Whether you call it breaking the rules, bending the rules or just getting creative with the rules, cheating has always been a part of the NFL and always will be. This is Part 3 in a Bleacher Report series on how NFL players and teams seek out some advantage, any advantage, over their competition. Part 1 was on the use of foreign substances, Part 2 on gaining an extra advantage at home.
Panthers quarterback Cam Newton made what historically has been known in the NFL as a "business decision" in the fourth quarter of Super Bowl 50. There was a loose ball up for grabs, and rather than dive on it, he took a step back.
Had Newton gone for the football, he knows what would have happened.
He would have almost certainly found himself on the bottom of a massive pile.
And though he had to know he would likely get killed for making a "business decision" during the Super Bowl, Newton also knows what happens on the bottom of piles.
What goes on where the eye cannot see sometimes can be vile, inhumane and unspeakable. There is a lot of what referee Ben Dreith famously referred to as "giving him the business."
And sometimes "the business" gets to the most sensitive of areas.
During a game in the 1980s, Hall of Fame Bears defensive lineman Dan Hampton recalls hearing horrific wailing coming from a running back caught in a pile. Lo and behold, one of Hampton's defensive teammates emerged with the football. On the sideline, Hampton says fellow defensive lineman Steve McMichael was clasping his hands together as if to squeeze something small. And McMichael was telling teammates, "Works every time."
Says Hampton: "I'm guessing he worked somebody's acorns over. The football is pretty important until you have to make a decision like that."
Says McMichael: "I don't know what body part Hampton is referring to. That's all wives' tales."
In that case, let's recount another wives' tale. This one is from former linebacker Matt Millen, and it's from a 1987 game between the Raiders and Vikings in Minneapolis.
"Kirk Lowdermilk, the Vikings center, was a tough kid," Millen says. "But he was not a fan of mine, which I found out on the third play of the game.
"So there was a fumble, and we're in the pile. I had one arm pinned, one arm on the ball. Lowdermilk is sitting down straight with his legs spread and bent over. The ball was in front of him. [Raiders defensive lineman] Bill Pickel had one arm free and one arm on the ball. Lowdermilk was saying stuff to me. I said, 'Hey Pick, is your other hand free?' 'Yeah.' 'Punch him right in the nuts.' He said, 'OK.' Right in the nads. Lowdermilk just screamed."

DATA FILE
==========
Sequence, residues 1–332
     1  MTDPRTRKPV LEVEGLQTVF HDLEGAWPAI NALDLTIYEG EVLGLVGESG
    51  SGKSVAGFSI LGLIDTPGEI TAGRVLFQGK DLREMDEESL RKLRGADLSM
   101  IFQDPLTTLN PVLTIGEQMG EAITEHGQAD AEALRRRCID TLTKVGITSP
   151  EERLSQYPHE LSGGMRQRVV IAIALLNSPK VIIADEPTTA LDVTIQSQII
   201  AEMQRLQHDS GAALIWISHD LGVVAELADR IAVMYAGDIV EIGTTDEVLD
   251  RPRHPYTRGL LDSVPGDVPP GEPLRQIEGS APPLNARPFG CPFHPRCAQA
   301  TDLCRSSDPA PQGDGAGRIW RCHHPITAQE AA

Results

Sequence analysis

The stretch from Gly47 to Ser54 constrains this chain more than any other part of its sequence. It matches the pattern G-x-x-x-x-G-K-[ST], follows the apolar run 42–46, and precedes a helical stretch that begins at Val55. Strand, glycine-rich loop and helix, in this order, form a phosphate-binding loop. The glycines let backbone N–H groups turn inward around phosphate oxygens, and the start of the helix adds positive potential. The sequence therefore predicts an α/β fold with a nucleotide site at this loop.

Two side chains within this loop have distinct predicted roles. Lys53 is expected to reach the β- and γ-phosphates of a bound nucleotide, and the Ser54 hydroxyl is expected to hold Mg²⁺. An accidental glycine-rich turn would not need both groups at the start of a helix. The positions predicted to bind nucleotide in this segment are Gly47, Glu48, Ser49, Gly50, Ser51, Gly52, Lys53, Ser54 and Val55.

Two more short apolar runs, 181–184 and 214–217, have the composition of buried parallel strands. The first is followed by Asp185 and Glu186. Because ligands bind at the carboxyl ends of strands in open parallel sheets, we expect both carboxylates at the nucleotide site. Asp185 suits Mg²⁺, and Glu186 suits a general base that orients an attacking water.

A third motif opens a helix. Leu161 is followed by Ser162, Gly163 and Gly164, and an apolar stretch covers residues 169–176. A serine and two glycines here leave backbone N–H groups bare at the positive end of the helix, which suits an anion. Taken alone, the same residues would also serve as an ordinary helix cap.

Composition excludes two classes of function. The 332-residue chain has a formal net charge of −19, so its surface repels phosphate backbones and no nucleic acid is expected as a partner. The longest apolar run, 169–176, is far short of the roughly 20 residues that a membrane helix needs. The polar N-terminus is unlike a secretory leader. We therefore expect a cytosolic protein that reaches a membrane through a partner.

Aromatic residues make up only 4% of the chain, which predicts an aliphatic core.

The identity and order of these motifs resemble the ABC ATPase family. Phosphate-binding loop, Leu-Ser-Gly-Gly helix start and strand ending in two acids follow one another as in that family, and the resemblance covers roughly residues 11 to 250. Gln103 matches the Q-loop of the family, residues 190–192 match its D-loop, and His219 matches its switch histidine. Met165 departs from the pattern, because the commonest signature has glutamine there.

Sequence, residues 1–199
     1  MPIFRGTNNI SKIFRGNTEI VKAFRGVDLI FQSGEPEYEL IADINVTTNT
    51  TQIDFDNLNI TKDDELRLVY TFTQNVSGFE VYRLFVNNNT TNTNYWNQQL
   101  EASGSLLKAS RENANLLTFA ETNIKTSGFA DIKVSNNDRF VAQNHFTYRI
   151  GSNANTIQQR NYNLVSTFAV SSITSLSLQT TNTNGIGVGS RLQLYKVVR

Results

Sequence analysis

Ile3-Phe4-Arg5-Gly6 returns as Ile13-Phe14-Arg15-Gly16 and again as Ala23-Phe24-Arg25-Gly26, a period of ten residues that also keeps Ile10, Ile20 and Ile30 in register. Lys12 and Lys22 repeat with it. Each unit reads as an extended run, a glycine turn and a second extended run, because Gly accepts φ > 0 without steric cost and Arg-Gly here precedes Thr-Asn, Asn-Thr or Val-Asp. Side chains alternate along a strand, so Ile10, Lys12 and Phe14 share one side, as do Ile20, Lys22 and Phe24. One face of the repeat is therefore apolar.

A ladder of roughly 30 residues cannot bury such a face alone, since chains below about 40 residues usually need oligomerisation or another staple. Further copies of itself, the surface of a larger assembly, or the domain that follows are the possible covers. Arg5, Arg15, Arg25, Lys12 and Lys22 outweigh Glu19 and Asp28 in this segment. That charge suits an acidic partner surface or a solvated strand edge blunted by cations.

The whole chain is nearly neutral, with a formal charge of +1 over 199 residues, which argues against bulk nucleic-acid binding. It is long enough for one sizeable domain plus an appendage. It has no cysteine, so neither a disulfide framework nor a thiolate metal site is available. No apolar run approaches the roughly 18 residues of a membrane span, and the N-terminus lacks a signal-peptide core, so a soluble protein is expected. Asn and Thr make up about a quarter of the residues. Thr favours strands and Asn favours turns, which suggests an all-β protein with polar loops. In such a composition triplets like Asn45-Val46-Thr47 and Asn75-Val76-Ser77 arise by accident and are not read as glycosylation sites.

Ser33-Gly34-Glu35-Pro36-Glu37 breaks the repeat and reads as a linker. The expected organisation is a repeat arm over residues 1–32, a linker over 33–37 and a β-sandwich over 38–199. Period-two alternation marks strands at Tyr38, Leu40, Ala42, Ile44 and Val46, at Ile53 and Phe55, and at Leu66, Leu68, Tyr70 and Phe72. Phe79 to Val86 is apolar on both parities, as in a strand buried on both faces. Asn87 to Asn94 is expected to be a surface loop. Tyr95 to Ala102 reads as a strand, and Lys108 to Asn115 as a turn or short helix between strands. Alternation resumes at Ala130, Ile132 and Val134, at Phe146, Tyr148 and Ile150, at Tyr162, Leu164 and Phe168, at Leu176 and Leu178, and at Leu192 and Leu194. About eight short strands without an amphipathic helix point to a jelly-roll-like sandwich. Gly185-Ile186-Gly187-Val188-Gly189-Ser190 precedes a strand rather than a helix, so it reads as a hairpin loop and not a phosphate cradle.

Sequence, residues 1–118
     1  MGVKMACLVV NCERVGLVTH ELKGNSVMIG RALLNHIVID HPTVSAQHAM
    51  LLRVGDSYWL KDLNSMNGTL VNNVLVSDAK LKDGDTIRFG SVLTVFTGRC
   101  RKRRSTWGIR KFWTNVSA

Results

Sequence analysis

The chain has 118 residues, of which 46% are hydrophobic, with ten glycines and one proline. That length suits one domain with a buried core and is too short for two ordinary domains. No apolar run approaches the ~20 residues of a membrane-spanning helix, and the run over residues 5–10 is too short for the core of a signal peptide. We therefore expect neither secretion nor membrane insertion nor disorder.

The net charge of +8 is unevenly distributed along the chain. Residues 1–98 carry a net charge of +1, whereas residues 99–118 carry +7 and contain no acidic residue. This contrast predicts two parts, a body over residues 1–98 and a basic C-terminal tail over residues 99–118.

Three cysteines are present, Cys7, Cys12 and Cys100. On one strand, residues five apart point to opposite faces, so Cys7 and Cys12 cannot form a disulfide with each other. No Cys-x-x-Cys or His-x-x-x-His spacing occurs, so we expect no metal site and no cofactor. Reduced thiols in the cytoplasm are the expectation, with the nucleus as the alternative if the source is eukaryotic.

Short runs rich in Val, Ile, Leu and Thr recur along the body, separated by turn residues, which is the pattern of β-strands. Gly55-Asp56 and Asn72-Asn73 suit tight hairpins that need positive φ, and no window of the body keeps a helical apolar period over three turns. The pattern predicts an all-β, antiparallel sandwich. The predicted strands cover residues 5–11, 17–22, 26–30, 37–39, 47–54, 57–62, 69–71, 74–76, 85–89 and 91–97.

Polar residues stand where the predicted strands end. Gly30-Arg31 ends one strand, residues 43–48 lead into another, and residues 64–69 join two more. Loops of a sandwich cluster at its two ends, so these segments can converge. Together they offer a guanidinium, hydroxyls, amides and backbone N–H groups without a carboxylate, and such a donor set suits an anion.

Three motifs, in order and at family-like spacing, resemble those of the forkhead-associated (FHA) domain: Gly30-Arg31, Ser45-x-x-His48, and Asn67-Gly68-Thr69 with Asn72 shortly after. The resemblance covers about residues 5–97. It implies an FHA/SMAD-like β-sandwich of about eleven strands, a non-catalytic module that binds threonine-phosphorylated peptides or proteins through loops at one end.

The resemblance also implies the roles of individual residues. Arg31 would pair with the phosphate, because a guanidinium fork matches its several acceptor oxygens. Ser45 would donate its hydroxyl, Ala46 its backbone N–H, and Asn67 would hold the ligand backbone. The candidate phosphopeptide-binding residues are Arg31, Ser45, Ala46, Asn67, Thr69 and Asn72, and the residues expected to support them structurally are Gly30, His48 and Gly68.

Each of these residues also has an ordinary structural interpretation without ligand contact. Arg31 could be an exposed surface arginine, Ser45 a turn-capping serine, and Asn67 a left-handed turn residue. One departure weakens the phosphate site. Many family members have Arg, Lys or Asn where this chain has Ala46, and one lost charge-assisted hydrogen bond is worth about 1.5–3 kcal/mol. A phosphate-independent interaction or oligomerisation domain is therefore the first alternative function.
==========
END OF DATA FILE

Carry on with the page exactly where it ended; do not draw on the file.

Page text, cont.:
Then there was this wives' tale from former quarterback Rich Gannon from a 1996 Thanksgiving game between his Chiefs and the Lions.
"All week long, we had talked about the squib kick—don't try to return it," Gannon says. "Sure enough, before the half, the ball was squibbed to Greg Manusky, who was a great special teams player. He picks it up and starts running, gets waylaid, and the ball pops up in the air. He somehow lands upright on his ass. He's sitting there with a big pile around him. The ball is at his ankles, and he can't get leverage to get to the ball.
"So a guy from the Lions has it. A bunch of players jump in. A rookie from our team is in the pile. Manusky is yelling, 'Grab his nuts! Grab his nuts!' The rookie looks at him totally puzzled. 'Grab his nuts!' The guy grabs his nuts. The [Lions player] lets go of the ball to grab the guy's hand. Manusky is somehow able to get the ball back. I remember everyone on the plane laughing when Manusky was telling the story."
Gannon chuckled again telling the story. But he wasn't chuckling when he was the victim of similar grabs.